Corporate intervention compulsion
As India transforms into a developed nation and a $5 trillion economy during the next decade, the education system will require major overhaul. Currently, almost 40 million youth are enrolled in the country’s estimated 800 universities and 39,000 colleges. Moreover, 150 million school-leaving children sign up for some form of education or training for a vocation, including skilling certification and ITI diplomas.
Yet we have a paradoxical situation. On one side, we have millions of students streaming out of the education system and on the other, multiple surveys indicate they are incompetent and unemployable. In almost every domain ranging from artificial intelligence to analytics, VLSI-embedded systems, mechatronics, marketing or even carpentry to plumbing, the percentage of employable youth is a mere 6-25 percent. The India Skill Report 2018 of CII-People Strong says that over 90 percent of employers feel certified graduates don’t have sufficient skills. Indian industry has huge problems mobilising human resources ranging from competent managers to shop-floor employees.
The challenge is how to bridge this huge demand-supply gap at every point of the supply chain. All surveys from the decade-old Boston Consultancy Report India at 75 to Teamlease’s recent report to the Union human resource development ministry and several Niti Aayog reports, highlight that India’s manufacturing and services sectors will need between 1-2 million youth every month for the next two decades, if the economy is to attain double-digit growth.
India’s tragedy is that we have the world’s largest potentially productive working age population at a time when the working age (24-65) populations of most Western countries (and China) is ageing. But this advantage is likely to be dissipated because our education system has neither the capacity nor capability to educate or skill them adequately. We will soon have over 300 million youth seeking better quality education and skilling, whereas at best, the higher education system can accommodate 75 million.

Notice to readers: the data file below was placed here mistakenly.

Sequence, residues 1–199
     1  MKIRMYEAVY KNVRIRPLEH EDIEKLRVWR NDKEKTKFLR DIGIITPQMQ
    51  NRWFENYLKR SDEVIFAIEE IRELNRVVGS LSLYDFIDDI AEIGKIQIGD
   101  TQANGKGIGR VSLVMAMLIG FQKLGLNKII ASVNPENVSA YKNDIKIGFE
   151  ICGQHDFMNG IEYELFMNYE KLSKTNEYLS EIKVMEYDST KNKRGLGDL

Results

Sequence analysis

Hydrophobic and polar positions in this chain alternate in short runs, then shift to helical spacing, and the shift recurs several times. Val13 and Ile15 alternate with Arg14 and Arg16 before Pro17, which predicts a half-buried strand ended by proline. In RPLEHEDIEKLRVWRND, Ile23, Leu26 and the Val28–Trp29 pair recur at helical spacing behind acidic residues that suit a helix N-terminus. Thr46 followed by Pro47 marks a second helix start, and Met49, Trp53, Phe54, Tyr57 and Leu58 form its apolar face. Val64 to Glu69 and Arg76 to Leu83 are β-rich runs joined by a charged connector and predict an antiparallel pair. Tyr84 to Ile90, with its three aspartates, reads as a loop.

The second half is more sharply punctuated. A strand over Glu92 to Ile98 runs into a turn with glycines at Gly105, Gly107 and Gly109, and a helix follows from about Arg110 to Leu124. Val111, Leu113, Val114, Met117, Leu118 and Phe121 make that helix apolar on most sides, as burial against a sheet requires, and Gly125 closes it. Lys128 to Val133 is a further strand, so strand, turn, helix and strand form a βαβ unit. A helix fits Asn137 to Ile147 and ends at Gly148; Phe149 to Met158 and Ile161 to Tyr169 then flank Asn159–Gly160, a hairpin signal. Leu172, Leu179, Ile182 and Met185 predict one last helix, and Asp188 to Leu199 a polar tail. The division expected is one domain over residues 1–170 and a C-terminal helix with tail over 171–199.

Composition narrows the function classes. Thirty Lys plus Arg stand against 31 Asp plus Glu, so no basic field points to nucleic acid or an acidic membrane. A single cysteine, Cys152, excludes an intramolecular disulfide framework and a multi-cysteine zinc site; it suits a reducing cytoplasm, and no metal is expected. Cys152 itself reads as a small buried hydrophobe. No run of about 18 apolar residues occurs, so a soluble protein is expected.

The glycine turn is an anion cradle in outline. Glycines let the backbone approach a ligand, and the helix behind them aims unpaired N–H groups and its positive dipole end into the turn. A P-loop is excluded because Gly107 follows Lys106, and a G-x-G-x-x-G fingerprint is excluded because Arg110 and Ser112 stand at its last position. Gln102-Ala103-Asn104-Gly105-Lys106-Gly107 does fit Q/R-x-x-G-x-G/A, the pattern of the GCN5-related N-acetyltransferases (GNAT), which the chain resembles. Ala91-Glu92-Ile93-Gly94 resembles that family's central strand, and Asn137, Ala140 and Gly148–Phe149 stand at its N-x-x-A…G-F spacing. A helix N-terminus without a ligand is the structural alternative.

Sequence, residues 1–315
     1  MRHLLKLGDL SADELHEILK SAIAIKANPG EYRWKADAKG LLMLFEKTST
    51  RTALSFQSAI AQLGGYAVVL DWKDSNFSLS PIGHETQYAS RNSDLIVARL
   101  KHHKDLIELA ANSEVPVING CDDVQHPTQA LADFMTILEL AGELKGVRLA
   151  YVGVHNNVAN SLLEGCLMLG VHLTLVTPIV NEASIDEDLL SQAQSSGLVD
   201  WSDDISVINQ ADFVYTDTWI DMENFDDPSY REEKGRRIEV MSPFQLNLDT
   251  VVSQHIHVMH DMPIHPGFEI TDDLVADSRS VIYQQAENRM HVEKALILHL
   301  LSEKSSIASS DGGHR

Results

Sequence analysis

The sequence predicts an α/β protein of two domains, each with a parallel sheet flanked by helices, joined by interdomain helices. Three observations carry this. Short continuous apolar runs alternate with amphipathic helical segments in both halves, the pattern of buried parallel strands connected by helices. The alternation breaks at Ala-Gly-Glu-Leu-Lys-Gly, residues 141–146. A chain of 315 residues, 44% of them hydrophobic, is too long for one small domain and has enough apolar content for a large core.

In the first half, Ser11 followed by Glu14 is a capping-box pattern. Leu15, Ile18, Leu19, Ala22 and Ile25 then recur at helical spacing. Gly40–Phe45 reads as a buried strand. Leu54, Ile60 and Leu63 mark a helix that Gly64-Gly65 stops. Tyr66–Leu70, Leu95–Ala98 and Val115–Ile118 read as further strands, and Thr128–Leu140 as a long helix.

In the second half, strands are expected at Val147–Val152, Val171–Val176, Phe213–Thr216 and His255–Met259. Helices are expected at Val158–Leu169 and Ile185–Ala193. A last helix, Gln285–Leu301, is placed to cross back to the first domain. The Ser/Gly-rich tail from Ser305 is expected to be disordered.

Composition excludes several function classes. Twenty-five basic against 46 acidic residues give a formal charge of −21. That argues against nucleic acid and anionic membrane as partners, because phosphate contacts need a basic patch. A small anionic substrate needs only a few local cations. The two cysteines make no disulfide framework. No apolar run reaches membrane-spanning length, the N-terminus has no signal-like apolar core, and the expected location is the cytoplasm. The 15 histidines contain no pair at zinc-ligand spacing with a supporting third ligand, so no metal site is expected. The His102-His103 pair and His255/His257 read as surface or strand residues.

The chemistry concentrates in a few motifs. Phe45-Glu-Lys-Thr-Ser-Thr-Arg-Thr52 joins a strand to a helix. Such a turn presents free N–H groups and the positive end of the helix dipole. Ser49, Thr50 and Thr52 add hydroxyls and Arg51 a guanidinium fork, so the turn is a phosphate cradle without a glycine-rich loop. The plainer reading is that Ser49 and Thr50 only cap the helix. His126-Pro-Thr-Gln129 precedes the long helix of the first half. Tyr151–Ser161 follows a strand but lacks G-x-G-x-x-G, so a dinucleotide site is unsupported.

Indeed so great is the shortage of acceptable quality higher education institutions in contemporary India that over 500,000 students enrol in high-cost universities abroad spending over $16 billion (over Rs.1 lakh crore) annually to acquire acceptable qualifications and training. Therefore, the big question is how do we ramp up our education system in terms of capacity and quality to skill this huge cohort of youth to equip and enable them to accelerate the idling engines of Indian industry and agriculture.
Quite obviously, neither the Central nor state governments which are running high fiscal and budgetary deficits can be expected to create the massive additional capacity required.
Therefore, encouraging corporate, private and philanthropic organisations and perhaps even foreign investment, including international universities with huge endowments to participate in higher education capacity building, has become a national imperative. Moreover, it needs to be acknowledged that in the adaptation and implementation of 21st century technologies such as big data, analytics, machine learning, artificial intelligence, new sustainable materials, IoT, large area and flexible electronics, prognostic healthcare, smart and sustainable habitats, robotics, mechatronics and preventive health, Indian industry is far ahead of academia.
Therefore, it makes eminent good sense for India Inc to become more heavily involved with the education system to introduce these technologies into higher education institutions, as also to promote higher ed institutions themselves to develop the human capital required by industry and the economy. Short of promoting capital-intensive colleges and universities, corporates and firms could establish skilling centres, centres of excellence in emerging domains, and commission consultancy and project grants to higher education institutions.
This will enable greater integration and interaction between academia and industry, and will facilitate infusion of new technologies and pedagogies including multi-disciplinary experiential learning, flipped classrooms, blended and project-based learning into the country’s colleges, and technical education institutions enabling them to make students substantially job-ready for quick and inexpensive induction into industry.
Clearly, investment of Indian industry in higher education needs to go far beyond the Rs.9,000 crore invested by 100 top-ranked companies under their CSR (corporate social responsibility) obligation. Therefore, the initiative taken by several corporates including Jindal steel, NIIT, HCL, Hero Group, Wipro, Airtel and Reliance to promote contemporary 21st century universities is clearly in the national interest.
Indeed direct and indirect engagement of hi-tech Indian corporates with academia is the prerequisite of building capacity in higher education and transforming India into a $5 trillion economy by 2022.
(Dr. B.S. Satyanarayana is the Cambridge (UK)-educated first vice chancellor of BML Munjal University, Gurgaon)